At this time, I need a working VPN for my iPhone and other clients. I used to have PPTP VPN, because is’s easy to configure. However it suggest that PPTP maybe not available on certain mobile networks. But L2TP/IPSec can be used, and its security of IPSec is also nice.
We need several components in order to run L2TP/IPSec:
Internet Protocol Security (IPsec) is a technology protocol suite for securing Internet Protocol (IP) communications by authenticating and/or encrypting each IP packet of a communication session. IPSec encrypts your IP packets to provide encryption and authentication, so no one can decrypt or forge data between your server and client.
Openswan is the preferred daemon to run IPSec, install it on your Debian server:
# apt-get install openswan
There are several ways to handle encryption for IPSec. We use Pre-Shared Key since it is easy to tweak. Edit
/etc/ipsec.conf like this:
version 2.0 config setup nat_traversal=yes virtual_private=%v4:10.0.0.0/8,%v4:192.168.0.0/16,%v4:172.16.0.0/12 oe=off protostack=netkey conn L2TP-PSK-NAT rightsubnet=vhost:%priv also=L2TP-PSK-noNAT conn L2TP-PSK-noNAT authby=secret pfs=no auto=add keyingtries=3 rekey=no ikelifetime=8h keylife=1h type=transport left=YOUR.SERVER.IP.ADDRESS leftprotoport=17/1701 right=%any rightprotoport=17/%any
And then Edit
YOUR.SERVER.IP.ADDRESS %any: PSK "YourSharedSecret"
Note: Remember to change YOUR.SERVER.IP.ADDRESS and YourSharedSecret accordingly.
Run the following commands for openswan to stop complaining
for each in /proc/sys/net/ipv4/conf/* do echo 0 > $each/accept_redirects echo 0 > $each/send_redirects done
Check if IPSec is correctly setup
# ipsec verify
Don’t worry about the disabled Opportunistic Encryption Support. Just make sure other checks are passed OK. Then restart openswan by running
# /etc/init.d/ipsec restart
Now you can add a L2TP/IPSec connection on your client and check IPSec is working. Use whatever account and password. We are not there yet. The only thing you need to make sure is that you connect to the right server with the right shared secret as specified in
/etc/ipsec.secrets on your server.
/var/log/auth.log on your server by running:
while OS X is trying to connect to your server via L2TP/IPSec. It will fail eventually because we haven’t configured L2TP yet, but if you see a line in the system log saying something like “IPSec connection established”.
OK, now IPSec is configure done.
L2TP provides a tunnel to send data. It does not provide encryption and authentication though, that is why we need to use it together with IPSec. Interestingly, both Apple and Microsoft tend to refer L2TP as the secure VPN technology but totally ignore the fact that security is provided by IPSec.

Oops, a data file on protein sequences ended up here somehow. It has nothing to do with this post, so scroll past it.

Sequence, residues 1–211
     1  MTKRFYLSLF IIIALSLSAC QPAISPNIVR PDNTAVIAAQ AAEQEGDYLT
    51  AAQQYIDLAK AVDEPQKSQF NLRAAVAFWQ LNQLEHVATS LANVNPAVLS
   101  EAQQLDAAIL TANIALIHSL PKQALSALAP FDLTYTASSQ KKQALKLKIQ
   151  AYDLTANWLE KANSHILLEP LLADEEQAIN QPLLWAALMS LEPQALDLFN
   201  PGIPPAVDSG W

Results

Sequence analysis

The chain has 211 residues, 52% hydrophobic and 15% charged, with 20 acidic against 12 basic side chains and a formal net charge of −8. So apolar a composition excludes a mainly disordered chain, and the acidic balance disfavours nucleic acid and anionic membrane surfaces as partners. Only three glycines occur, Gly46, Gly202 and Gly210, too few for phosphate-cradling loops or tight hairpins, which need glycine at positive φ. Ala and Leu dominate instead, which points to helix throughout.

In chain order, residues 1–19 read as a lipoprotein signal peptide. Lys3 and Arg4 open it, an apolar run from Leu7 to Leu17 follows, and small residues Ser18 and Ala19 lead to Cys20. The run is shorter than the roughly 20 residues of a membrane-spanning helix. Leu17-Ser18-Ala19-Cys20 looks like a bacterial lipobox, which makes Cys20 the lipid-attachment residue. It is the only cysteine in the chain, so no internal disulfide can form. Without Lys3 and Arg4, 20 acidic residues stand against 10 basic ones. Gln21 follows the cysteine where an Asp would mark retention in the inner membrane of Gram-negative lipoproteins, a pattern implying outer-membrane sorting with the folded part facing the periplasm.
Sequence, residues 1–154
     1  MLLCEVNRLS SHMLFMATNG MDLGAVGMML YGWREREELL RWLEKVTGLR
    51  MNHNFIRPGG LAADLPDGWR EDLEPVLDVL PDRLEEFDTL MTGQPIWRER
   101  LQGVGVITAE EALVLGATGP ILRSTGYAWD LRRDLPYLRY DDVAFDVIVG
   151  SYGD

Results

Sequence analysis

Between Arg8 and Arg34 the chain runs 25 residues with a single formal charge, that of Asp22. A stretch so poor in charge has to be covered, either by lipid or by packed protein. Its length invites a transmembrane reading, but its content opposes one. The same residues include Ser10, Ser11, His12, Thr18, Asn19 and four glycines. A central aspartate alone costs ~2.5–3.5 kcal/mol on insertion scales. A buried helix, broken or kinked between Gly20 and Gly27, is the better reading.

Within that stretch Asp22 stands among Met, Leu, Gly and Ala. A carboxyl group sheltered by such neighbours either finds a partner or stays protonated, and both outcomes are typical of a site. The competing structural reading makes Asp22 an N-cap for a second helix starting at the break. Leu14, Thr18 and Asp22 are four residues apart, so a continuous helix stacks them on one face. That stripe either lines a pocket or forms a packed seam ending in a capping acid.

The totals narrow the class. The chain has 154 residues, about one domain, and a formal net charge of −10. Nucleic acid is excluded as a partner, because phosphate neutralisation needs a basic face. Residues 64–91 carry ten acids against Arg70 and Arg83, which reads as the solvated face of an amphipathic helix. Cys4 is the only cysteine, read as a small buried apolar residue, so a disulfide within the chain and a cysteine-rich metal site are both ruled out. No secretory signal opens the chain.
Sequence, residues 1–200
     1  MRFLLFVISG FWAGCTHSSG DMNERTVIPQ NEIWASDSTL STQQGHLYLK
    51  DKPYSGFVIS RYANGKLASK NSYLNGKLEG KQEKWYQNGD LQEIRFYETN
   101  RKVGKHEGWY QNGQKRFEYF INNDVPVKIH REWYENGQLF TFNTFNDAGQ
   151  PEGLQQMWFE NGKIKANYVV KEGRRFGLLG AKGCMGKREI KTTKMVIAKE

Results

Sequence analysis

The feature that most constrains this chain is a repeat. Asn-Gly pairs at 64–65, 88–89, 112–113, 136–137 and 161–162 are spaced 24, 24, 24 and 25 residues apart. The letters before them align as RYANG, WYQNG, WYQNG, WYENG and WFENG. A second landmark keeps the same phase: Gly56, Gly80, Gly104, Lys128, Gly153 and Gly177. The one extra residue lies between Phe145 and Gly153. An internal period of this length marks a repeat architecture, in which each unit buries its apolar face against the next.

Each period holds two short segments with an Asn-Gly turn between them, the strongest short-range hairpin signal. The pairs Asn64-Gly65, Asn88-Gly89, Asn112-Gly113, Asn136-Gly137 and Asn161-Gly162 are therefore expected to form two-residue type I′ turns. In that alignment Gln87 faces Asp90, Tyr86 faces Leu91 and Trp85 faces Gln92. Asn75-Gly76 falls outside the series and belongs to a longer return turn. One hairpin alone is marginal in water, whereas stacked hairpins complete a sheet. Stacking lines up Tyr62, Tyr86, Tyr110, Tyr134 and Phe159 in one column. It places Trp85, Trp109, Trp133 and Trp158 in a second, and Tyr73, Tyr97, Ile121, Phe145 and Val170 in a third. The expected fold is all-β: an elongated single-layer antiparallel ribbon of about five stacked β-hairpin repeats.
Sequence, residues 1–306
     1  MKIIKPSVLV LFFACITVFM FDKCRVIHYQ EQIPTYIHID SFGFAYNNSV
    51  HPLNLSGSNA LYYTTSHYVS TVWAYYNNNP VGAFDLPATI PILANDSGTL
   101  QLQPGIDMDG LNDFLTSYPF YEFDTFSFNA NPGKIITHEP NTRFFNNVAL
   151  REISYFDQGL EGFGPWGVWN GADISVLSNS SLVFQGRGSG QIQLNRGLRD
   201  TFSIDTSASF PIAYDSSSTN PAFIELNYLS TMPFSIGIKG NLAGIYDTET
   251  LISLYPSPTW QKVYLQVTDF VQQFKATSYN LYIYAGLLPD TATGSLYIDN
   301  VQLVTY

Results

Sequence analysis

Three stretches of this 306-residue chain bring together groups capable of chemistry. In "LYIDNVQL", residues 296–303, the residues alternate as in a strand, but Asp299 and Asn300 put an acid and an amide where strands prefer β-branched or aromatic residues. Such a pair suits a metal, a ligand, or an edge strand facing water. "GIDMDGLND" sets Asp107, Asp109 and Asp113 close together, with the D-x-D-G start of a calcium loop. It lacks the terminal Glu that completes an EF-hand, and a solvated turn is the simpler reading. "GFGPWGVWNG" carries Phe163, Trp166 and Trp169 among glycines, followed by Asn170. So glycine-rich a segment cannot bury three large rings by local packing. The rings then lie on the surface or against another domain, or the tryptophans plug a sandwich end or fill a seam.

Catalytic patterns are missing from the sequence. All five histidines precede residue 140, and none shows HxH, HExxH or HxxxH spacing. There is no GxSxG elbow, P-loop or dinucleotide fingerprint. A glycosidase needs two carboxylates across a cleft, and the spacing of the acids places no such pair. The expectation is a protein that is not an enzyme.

The commonly used L2TP daemon is xl2tpd from the same buys behind openswan. Install it by running:
# apt-get install xl2tpd
[global] ipsec saref = yes [lns default] ip range = 10.1.2.2-10.1.2.255 local ip = 10.1.2.1 refuse chap = yes refuse pap = yes require authentication = yes ppp debug = yes pppoptfile = /etc/ppp/options.xl2tpd length bit = yes
ip range is the set of internal IP addresses that will allocate to clients connected. Make sure it does not overlap with your exisiting IP addresses being used, and not in conflict with the ones on the client’s network. Since most home routers use 172.16.X.X and 192.168.X.X range, you might want to avoid that. local ip is the internal IP for the L2TP server. Make sure it is NOT in the ip range allocated to clients.
I also run PPTP service using PPP, so I would like to use the same daemon to handle user managenet. Install ppp by running
# apt-get install ppp
if you do not have it. Create this file
/etc/ppp/options.xl2tpd with the following content
require-mschap-v2 ms-dns 220.127.116.11 ms-dns 18.104.22.168 asyncmap 0 auth crtscts lock hide-password modem debug name l2tpd proxyarp lcp-echo-interval 30 lcp-echo-failure 4
Note I am using Google Public DNS in the ms-dns field. If you want to use other DNS servers, change the IP addresses accordingly.
Add a test user in
/etc/ppp/chap-secrets to try out if L2TP works.
# user server password ip test l2tpd testpassword *
Now restart xl2tpd by running
sudo /etc/init.d/xl2tpd restart
In addition, if you use iptables for firewalling, make sure it forwards packets so you can browse the Interent after connecting to VPN. Run the following command
iptables --table nat --append POSTROUTING --jump MASQUERADE
/etc/sysctl.conf and uncomment following line:
or just type:
echo 1 > /proc/sys/net/ipv4/ip_forward
Update the L2TP/IPSec VPN connection on your OS X with the test user account and try connect. If it can connect and authenticate successfully, congrats! You are done. Now go enjoy the better security.